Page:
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Krobo Queen Mothers: Gender, Power, and Contemporary Female Traditional Authority in Ghana

From: Africa Today
Volume 55, Number 3, Spring 2009
pp. 105-123 | 10.1353/at.0.0060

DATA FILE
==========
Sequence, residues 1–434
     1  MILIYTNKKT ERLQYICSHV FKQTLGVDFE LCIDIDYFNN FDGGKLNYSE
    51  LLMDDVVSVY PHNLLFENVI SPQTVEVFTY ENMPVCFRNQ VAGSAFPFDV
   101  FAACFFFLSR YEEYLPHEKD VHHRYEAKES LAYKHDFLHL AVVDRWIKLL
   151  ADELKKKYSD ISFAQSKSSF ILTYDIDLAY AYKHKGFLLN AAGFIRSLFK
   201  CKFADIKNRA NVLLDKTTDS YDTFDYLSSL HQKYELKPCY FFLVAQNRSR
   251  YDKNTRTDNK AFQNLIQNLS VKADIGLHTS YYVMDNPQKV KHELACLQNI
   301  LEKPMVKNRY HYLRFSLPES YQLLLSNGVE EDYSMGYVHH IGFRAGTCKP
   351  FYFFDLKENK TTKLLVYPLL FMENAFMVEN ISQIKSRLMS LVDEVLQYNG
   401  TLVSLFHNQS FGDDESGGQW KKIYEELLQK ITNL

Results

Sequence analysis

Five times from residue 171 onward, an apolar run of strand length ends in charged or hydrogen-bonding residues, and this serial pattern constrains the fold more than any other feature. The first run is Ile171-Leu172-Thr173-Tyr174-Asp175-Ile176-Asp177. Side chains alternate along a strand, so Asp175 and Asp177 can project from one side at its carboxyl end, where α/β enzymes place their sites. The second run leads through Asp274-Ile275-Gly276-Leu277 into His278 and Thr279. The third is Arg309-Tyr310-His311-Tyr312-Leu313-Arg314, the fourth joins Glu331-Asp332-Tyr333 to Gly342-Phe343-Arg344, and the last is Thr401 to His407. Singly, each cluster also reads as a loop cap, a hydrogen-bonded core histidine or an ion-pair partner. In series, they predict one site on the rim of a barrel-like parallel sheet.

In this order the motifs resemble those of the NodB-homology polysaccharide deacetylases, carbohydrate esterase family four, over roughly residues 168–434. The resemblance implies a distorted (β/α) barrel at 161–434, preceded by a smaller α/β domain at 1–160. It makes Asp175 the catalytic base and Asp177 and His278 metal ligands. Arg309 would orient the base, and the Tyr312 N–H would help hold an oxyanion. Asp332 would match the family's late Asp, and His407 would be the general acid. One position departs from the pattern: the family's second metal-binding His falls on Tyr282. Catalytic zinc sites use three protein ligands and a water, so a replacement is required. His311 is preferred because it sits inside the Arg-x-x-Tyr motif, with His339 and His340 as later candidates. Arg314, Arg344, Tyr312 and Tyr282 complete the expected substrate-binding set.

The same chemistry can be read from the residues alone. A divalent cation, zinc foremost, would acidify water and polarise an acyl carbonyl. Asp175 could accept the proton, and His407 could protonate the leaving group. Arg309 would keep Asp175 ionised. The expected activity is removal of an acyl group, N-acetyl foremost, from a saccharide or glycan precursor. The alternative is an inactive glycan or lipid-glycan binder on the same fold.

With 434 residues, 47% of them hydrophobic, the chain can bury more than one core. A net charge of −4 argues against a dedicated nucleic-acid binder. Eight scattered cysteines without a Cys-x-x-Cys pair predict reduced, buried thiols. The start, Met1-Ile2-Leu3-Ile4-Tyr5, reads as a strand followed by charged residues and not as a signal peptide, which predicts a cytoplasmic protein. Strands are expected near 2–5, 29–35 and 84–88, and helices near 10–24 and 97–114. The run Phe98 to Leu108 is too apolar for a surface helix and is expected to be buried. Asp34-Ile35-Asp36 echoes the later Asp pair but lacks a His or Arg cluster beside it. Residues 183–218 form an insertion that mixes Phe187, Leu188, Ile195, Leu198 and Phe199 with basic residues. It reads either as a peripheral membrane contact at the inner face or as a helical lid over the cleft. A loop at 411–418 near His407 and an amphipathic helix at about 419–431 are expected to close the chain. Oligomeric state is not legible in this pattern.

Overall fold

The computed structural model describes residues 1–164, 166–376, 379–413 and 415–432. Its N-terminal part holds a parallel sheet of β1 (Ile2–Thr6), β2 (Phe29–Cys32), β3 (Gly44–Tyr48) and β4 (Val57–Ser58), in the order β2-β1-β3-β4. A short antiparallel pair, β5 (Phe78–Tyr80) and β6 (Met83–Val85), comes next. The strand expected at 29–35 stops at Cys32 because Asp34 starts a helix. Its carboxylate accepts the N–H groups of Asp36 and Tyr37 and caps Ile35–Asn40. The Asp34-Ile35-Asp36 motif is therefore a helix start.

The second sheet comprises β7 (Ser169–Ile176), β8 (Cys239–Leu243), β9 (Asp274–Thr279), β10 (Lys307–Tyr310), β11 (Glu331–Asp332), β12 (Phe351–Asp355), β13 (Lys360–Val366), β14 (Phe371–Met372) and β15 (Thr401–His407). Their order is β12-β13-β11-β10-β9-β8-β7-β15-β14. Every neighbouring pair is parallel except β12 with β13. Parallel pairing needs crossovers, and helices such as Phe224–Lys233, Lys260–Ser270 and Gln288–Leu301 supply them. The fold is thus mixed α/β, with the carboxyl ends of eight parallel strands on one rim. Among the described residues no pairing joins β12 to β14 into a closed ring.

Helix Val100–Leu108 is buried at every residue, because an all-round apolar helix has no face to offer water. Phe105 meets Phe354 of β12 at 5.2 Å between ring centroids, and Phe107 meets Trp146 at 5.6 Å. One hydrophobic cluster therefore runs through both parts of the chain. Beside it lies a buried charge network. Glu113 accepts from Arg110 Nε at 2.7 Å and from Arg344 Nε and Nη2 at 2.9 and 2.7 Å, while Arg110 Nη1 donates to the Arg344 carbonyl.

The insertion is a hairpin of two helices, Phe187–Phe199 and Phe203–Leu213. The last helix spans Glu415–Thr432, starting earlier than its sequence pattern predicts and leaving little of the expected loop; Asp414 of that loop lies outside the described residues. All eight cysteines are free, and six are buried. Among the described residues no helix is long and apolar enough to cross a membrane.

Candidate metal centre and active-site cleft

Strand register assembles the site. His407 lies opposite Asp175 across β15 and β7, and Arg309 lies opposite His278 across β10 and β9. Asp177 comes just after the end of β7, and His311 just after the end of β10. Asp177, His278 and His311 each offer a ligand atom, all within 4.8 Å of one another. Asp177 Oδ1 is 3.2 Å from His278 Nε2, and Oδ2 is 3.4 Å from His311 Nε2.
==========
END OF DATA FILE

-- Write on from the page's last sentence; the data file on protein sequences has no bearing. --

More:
This article focuses on the emergence and performance of Krobo queen mothers in Southern Ghana. It seeks to highlight the significance of female traditional rulers in contemporary Ghana and fill gaps in knowledge about their position in patrilineal societies. Whereas it is often assumed that their position in general eroded because of colonialism and missionary activities, and that in Ga-Dangme and Ewe (patrilineal) societies they have little significant power, their position in Krobo is expanding and adjusting to modern demands. The combination of holding traditional offices and acting as members of NGOs and other organizations makes it possible for queen mothers to address current challenges and exert power.

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